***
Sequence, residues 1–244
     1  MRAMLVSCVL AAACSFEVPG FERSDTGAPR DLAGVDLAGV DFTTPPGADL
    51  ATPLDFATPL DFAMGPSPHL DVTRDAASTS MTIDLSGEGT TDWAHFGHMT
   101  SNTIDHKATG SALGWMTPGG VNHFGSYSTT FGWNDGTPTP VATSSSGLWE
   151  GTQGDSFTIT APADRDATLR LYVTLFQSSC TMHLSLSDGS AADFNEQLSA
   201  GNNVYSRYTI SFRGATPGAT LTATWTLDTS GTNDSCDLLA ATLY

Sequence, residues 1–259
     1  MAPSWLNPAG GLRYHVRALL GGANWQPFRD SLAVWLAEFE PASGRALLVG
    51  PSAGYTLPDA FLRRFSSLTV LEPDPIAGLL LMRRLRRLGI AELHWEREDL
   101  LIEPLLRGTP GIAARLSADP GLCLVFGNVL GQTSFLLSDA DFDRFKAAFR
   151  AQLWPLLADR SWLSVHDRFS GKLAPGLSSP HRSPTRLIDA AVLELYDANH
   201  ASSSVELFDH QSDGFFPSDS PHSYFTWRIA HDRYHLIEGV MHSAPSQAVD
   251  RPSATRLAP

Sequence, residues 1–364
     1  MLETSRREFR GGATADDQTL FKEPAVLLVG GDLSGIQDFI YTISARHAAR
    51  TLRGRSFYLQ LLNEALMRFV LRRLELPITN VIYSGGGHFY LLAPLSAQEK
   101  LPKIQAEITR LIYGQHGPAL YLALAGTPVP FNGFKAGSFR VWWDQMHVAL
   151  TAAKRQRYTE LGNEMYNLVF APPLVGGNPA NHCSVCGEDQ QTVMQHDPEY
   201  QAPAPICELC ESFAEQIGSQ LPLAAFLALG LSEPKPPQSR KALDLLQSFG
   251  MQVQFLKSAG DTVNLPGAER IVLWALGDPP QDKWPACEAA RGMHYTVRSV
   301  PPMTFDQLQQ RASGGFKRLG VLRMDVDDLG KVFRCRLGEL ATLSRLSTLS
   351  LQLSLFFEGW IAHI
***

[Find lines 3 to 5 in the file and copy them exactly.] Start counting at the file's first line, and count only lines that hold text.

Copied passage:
    51  ATPLDFATPL DFAMGPSPHL DVTRDAASTS MTIDLSGEGT TDWAHFGHMT
   101  SNTIDHKATG SALGWMTPGG VNHFGSYSTT FGWNDGTPTP VATSSSGLWE
   151  GTQGDSFTIT APADRDATLR LYVTLFQSSC TMHLSLSDGS AADFNEQLSA